According to one of Maserati’s future product plans, which we were told about at least five years ago, these Maserati GranTurismo and GranCabrios that we’re driving would both be all-new cars from the tyres up. But they’re not, they’re mild facelifts. This, however, is no bad thing.
For starters under the bonnet there’s the same 4.7-litre V8 fitted to the car that’s been in production since 2007. It’s naturally aspirated and old fashioned in absolutely the right sort of way. The engine is built by Ferrari and is based on the motor used in the 360 Modena, which in turn was a development of the F355 engine. That carbon dates the powerplant back to 1994. The last GranTurismo’s (and Cabrio’s) 4.2-litre engine has been dropped simply because hardly anybody bought it.
The facelift includes the usual economically viable styling tweaks that are done to most cars mid-life whether they’re city runabouts or an exotic Italian grand tourer. The front grille is deeper and is based on the one fitted to the Alfieri concept car. There are two versions of both coupe and convertible: the standard Sport and the MC, which stands for Maserati Corse. You can tell them apart because the grilles have different trim and the bonnet on the latter is carbon fibre and includes a smattering of vents and air scoops. The headlamps have new lamp units inside but are otherwise barely changed. The result is a car that looks slightly different at both ends but still has presence and is unmistakably a Maserati.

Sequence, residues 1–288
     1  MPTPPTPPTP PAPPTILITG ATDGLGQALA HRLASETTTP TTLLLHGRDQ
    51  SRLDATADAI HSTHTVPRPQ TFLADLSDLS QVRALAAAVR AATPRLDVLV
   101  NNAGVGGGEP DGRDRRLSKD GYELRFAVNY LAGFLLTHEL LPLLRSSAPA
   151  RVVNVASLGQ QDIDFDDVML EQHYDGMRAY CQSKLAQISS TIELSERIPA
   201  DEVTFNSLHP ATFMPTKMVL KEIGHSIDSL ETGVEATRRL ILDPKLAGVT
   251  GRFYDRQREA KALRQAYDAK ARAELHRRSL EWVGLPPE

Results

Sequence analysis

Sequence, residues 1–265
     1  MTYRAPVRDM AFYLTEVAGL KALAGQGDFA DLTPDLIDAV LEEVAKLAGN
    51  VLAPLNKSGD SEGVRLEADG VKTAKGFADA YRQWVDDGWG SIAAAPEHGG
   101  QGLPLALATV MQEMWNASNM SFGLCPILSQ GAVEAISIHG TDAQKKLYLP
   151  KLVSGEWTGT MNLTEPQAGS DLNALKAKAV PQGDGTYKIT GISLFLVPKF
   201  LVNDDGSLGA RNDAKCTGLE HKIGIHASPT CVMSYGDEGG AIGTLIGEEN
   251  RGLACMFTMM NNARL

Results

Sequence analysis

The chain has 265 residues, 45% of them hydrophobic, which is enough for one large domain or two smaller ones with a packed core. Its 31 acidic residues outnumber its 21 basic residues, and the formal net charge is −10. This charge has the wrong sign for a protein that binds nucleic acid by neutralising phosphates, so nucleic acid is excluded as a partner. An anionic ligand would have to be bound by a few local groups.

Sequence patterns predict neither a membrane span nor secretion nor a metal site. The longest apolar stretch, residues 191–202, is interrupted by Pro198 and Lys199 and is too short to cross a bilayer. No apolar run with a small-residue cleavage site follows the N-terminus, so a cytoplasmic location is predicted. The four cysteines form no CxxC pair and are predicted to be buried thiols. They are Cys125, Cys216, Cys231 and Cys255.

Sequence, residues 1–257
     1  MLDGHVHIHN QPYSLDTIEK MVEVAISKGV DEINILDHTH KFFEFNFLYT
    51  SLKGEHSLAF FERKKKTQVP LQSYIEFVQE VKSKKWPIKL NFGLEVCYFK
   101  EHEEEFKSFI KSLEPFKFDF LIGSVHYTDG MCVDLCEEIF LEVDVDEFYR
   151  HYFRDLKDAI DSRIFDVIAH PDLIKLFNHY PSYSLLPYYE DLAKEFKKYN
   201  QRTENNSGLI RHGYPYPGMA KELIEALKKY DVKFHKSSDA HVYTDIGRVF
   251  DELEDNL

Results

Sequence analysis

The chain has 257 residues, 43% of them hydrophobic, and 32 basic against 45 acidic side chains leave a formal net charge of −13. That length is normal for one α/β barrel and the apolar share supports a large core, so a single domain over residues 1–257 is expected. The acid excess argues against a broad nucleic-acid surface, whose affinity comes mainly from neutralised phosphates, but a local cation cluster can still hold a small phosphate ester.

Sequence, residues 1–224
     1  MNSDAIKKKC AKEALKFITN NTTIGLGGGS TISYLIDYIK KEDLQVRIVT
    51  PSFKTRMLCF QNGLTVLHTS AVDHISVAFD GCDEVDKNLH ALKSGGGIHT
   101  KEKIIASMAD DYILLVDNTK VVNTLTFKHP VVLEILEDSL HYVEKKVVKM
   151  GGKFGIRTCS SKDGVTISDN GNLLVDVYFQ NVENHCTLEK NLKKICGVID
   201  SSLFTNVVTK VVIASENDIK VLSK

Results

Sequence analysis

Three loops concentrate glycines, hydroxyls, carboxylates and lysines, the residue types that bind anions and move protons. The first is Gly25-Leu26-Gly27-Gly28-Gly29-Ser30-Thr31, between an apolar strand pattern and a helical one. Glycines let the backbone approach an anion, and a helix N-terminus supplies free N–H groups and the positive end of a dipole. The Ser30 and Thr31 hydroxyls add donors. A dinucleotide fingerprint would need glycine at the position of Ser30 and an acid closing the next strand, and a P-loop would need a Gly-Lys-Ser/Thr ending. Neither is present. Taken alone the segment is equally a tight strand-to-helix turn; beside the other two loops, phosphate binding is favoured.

Inside, the cars get a new infotainment system that’s presented on a 8.4in touchscreen. Apple Carplay and Android Auto are supported. Heating and cooling are controlled via a panel underneath with easy to use old fashioned buttons. There’s a wide choice of materials available both in upholstery and trim; from carbon fibre to walnut veneer. As it did before, the cabin feels special.
As does the whole car in fact. The engine is lovely, one of the few non-turbocharged engines left and is a throwback to days when even a big displacement engine had to be revved to extract its full performance. A six-speed torque converter gearbox in a world in which 8 and 9 ratios are the norm, sounds as though it belongs with overdrive and pre-selector gearboxes but it works well enough. Kickdown is usually enough to put the engine back into its powerband coming out of a corner but you can use the always-active paddles if you fancy it.
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